I recently gave a presentation to an organization called, Women’s Presidents Organization. They are a nationwide group consisting of various chapter throughout each state. Each group consists of successful Women entrepreneurs who have monthly meeting and discuss various topics on how to grow their businesses.

A few days ago, I received a phone call from one of the members whom I had the pleasure of meeting during the presentation. She told me that she recently hired a company in Florida prior to her meeting me.  She decided to hire this company and as time went on, she began to notice charges unrelated to the agreement she had signed with them. This prompted her to do some research on the representative she hired.

Unfortunately for her, she was notified that this individual has a prior record of being a sex offender. This information was shocking to her. Had she known of his criminal background, she would have never hired them. It is unclear what she will do, due to the contractual obligation she now has with them.

The moral of this article is to be certain the people you hire, are honest and transparent, therefore resulting in a good business relationship with positive results.


Paul Mazbanian CEO Small Business Community Consultants, Inc. (818)551-9400

Paul Mazbanian
Small Business Community Consultants, Inc.

Why are broker Dealers Ineligible to participate in the 8(a) program?




Why are broker dealers ineligible to participate in the 8(a) program?

If you are labeled as a broker, but do not feel that you are, this article will help you understand how to get approved for the 8(a) certification and other programs by taking some important precautionary steps.

SBA wants success to come to every 8(a) approved firm. Making sure they will be successful is why the approval process is stringent. Based on the Federal Acquisition Regulation code FAR 124.08 “Brokers are ineligible to participate in the 8(a) BD program. A broker is a concern that adds no material value to an item being supplied to a procuring activity or which does not take ownership or possession of or handle the item being procures with its own equipment or facilities”.

Recently we were hired by two separate clients who happen to be in the same line of work, distributors of office products. One was applying for the 8(a) certification, while the other for Metro’s Disadvantage Business Enterprise (DBE) Certification. In both instances, client did not feel that they were brokers as defined by the SBA, but rather a dealer. A broker is a pass through entity which at times makes commission paid to them by the manufacturer or distributor. In this case, both parties made neither. The only flaw they possessed was that they did not stock inventory. This is of course the most important rule of being a broker, that they don’t keep stock of their products.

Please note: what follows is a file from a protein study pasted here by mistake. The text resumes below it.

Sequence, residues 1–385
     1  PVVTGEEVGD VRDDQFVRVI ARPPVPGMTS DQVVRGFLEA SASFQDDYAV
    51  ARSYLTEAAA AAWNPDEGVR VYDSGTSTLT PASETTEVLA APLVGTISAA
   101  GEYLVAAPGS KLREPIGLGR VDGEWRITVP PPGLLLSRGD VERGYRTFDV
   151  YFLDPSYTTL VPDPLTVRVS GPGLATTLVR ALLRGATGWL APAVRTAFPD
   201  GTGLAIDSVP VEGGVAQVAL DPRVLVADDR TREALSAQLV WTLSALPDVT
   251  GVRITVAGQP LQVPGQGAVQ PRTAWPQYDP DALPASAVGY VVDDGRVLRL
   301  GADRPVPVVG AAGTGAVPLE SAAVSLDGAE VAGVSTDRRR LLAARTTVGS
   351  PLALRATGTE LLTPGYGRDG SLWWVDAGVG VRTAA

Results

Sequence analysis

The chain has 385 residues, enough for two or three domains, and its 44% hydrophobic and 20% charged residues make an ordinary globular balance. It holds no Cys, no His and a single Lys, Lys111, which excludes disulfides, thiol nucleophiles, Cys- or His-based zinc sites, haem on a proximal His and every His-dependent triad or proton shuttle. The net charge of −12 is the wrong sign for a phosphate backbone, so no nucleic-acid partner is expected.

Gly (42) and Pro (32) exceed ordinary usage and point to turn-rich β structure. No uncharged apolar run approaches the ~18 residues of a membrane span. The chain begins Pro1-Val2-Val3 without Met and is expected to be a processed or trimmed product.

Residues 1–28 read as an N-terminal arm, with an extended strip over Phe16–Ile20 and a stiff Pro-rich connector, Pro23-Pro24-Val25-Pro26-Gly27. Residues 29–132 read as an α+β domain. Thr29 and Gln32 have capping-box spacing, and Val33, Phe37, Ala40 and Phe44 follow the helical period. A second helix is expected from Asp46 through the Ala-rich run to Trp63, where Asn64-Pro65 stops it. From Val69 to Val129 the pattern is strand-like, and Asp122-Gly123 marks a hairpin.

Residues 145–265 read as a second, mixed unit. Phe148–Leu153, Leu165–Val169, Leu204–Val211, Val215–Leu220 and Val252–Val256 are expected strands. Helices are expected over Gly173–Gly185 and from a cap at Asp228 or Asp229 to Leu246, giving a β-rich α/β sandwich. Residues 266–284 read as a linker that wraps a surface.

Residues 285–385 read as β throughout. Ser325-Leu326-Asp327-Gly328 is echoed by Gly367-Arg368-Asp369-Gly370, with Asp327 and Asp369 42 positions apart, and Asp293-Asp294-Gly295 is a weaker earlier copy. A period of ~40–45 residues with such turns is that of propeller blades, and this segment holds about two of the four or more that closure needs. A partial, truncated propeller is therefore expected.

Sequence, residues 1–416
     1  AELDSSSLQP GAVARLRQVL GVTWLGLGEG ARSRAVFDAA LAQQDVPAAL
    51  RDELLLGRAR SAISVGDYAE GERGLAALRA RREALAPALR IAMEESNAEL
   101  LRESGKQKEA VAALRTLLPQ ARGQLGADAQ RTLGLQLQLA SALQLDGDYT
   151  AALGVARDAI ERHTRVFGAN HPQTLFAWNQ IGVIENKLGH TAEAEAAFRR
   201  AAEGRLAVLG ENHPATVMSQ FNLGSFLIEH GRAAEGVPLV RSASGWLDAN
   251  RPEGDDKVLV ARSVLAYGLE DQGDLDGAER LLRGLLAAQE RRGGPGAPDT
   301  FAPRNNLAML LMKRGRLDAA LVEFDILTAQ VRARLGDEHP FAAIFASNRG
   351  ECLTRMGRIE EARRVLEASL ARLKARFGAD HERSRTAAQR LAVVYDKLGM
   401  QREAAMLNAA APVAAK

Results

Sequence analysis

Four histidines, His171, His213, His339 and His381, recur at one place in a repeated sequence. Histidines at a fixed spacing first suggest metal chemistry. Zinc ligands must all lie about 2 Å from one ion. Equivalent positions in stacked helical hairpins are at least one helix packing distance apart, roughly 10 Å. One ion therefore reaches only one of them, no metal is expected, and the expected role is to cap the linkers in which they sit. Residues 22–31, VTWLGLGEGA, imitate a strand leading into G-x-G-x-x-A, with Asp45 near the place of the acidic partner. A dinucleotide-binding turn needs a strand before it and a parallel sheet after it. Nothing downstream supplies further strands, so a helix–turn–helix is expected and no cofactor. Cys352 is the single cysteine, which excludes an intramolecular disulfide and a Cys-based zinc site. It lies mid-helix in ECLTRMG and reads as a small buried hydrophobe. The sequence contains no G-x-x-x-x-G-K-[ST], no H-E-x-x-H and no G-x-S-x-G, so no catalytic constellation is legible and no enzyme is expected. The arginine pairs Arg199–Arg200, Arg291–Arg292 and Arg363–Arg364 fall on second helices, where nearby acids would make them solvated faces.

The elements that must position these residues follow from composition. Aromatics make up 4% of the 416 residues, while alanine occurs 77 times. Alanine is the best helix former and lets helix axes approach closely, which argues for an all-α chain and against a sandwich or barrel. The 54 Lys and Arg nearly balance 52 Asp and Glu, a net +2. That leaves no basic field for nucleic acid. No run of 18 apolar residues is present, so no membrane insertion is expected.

The office supply industry is a multi billion dollar industry and both companies receive orders from all over the United States and their customers demand delivery promptly, sometimes the next day. If they were to stock inventory, take order from customers thousand of miles away and deliver the next day, Small Businesses in this particular industry would not exist. In order for them to be able to do this, they will need to have multiple warehouses across the nation and stocking hundreds of thousand of dollars worth of daily inventory. This would make perfect sense for a company such as Hewlett Packard or Amazon, but most definitely not a Small Business.

We were able to get both companies approved. We did this by proving to each agency, that keeping that level of inventory was not viable. Thus, we also provided the SBA and Metro with current levels of inventory held as well as receipts and invoices of purchase orders made. In addition, we provided the shipment charges made by the clients proving that their products were housed at the manufacturers warehouse and later shipped to the customer along with pictures of the inventory etc.

When applying for any type of certification, particularly the ones mentioned above, and if your business may be labeled as a broker but you clearly are not, an explanation will be needed. It is important to answer and questions they may have with actual data proving you are not a broker.

To learn more about our services, please visit


Paul Mazbanian CEO Small Business Community Consultants, Inc.
Paul Mazbanian
Small Business Community Consultants, Inc.

What is SAM and should you pay someone to register you?



System For Award Management also referred to as SAM is a system the Federal Government uses to identify potential contractors. It is also the system which is required to register with do do any type of business with the Federal Government.